Reprinted from Outer Banks Voice
Southern Shores Town Council announced at its meeting Tuesday that it will file an amicus brief supporting the mid-Currituck bridge as part of the ongoing litigation over the project.
The Southern Environmental Law Center has been waging a legal battle to block the bridge and, according to Town Manager Cliff Ogburn, Southern Shores now has until June 13 to file the amicus curiae brief opposing the law center’s position. Amicus curiae, which translates as “friend of the court,” is a brief written by a person or group that is not part of the lawsuit but offers input or insight on ongoing litigation.
The law center filed the suit on behalf of the North Carolina Wildlife Federation and a group called No Mid-Currituck Bridge. It appears that the actual decision by the Southern Shores council to enter the litigation was made in a closed session during its April 14 meeting.
The move to enter the case is the latest and clearest example of recent efforts by Dare County municipalities to create momentum toward building the proposed 5-mile toll bridge from the Currituck mainland to the Currituck Outer Banks that is intended, among other things, to alleviate summer traffic congestion.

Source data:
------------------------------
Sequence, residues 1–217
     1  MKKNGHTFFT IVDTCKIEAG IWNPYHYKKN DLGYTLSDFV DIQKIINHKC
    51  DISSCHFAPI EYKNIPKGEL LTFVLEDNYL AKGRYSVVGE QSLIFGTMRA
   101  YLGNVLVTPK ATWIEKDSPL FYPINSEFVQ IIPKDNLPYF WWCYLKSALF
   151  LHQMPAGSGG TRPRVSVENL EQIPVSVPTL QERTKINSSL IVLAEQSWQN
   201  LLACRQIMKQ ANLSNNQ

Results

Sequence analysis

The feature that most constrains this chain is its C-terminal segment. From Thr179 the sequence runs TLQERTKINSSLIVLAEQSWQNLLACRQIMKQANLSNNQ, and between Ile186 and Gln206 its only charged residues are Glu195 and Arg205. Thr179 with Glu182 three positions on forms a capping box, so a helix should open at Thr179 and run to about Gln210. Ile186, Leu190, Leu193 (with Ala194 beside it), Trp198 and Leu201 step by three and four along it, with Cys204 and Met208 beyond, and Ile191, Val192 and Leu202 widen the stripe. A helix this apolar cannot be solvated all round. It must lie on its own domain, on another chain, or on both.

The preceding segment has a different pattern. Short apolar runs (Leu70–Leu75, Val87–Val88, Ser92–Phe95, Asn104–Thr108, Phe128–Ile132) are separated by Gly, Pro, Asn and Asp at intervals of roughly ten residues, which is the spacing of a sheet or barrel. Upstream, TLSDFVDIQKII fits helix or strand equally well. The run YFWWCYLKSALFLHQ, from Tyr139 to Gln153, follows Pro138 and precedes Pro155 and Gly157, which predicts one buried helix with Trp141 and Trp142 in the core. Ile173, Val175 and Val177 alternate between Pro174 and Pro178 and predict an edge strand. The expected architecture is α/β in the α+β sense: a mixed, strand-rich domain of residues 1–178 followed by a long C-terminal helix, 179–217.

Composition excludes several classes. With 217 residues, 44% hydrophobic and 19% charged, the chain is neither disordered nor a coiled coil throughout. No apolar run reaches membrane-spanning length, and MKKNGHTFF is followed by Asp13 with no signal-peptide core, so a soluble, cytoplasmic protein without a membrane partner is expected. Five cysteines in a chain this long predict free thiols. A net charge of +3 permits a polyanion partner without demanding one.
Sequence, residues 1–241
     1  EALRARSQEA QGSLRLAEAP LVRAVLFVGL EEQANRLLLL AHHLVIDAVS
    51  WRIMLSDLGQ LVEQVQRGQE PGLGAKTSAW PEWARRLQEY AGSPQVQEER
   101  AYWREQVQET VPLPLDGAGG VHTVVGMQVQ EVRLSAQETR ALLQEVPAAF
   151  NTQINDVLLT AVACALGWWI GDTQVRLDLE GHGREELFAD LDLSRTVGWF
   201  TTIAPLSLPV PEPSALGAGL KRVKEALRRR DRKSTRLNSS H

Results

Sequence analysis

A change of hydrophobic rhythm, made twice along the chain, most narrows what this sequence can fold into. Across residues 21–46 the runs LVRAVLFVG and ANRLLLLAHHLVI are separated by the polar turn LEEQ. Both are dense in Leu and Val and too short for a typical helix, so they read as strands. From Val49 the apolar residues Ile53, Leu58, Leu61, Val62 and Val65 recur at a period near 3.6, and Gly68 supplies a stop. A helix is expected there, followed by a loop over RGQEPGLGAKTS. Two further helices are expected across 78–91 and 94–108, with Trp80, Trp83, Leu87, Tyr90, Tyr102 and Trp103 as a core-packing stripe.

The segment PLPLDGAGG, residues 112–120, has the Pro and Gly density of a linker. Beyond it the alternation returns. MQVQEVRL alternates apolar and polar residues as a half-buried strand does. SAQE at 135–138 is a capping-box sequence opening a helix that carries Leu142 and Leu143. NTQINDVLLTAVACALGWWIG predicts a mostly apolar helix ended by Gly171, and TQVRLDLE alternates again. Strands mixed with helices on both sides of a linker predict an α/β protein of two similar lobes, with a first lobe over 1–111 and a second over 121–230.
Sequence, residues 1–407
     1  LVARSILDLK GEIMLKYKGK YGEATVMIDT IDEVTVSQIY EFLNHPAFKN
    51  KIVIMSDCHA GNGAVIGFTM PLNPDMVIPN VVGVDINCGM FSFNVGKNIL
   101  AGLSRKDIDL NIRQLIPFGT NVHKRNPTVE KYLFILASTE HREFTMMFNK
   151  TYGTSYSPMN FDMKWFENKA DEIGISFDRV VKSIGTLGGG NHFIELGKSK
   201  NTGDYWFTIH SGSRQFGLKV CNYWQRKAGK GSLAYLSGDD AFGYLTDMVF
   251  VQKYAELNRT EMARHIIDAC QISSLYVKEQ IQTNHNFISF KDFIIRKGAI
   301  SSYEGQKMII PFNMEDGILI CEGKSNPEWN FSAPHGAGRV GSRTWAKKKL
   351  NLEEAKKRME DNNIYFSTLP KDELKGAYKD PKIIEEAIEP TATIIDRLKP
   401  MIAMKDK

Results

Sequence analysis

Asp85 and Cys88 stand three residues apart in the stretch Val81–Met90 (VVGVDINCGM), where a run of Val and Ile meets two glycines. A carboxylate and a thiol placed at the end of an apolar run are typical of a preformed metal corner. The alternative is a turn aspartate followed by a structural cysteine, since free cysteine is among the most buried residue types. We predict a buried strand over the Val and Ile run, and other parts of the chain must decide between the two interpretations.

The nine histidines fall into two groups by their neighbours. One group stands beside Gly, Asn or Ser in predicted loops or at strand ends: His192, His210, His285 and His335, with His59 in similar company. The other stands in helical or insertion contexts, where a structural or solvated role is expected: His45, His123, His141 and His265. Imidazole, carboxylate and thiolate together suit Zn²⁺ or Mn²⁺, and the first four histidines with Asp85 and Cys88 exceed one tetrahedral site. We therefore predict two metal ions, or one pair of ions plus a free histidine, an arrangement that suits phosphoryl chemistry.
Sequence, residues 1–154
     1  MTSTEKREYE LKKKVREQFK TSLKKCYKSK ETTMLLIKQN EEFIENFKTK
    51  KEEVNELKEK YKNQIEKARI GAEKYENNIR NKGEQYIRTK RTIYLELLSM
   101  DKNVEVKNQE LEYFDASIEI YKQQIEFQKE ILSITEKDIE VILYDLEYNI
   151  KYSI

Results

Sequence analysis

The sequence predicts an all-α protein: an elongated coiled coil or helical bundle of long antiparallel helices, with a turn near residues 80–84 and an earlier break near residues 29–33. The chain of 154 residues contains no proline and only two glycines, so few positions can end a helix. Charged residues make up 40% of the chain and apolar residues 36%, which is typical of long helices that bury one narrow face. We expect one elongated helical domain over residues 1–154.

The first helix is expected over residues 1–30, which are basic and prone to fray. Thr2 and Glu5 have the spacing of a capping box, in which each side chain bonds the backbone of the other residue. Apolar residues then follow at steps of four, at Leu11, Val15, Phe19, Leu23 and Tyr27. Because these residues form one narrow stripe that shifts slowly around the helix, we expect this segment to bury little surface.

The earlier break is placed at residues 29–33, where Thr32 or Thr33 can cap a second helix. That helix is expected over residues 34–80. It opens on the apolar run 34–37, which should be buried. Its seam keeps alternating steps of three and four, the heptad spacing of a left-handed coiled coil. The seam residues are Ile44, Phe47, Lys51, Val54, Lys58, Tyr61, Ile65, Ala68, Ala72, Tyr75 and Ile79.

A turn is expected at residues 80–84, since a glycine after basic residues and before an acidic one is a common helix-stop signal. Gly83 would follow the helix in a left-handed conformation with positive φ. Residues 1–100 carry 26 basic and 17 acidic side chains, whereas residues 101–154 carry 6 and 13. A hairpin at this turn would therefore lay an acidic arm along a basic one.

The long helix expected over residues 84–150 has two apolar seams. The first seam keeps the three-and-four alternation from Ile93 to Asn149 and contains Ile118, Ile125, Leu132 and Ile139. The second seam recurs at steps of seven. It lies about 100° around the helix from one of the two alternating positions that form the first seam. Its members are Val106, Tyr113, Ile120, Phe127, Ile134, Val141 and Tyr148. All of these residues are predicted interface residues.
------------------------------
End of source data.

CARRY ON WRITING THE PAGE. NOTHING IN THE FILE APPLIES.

Those efforts have featured the recent passage of resolutions in favor of the bridge by a number of Dare County towns, the county commissioners and the Dare County Tourism Board.
In December 2021, Judge Louise Wood Flanagan of the U.S. District Court for the Eastern District of North Carolina ruled against the law center’s suit to stop the bridge project. That ruling however, came on the heels of a North Carolina Department of Transportation announcement that the bridge would be delayed for two years due to the litigation – pushing the bridge build start date to at least 2025.
The Southern Environmental Law Center filed an appeal Jan. 31 asking that the United States Court of Appeals for the Fourth Circuit to declare the NCDOT 2012 analysis prepared for the bridge “illegal and outdated.” And on April 5, SELC filed its opening briefs with that court.
This story is provided courtesy of the Outer Banks Voice, a digital newspaper covering the Outer Banks. Coastal Review is partnering with the Voice to provide readers with more environmental and lifestyle stories of interest about our coast.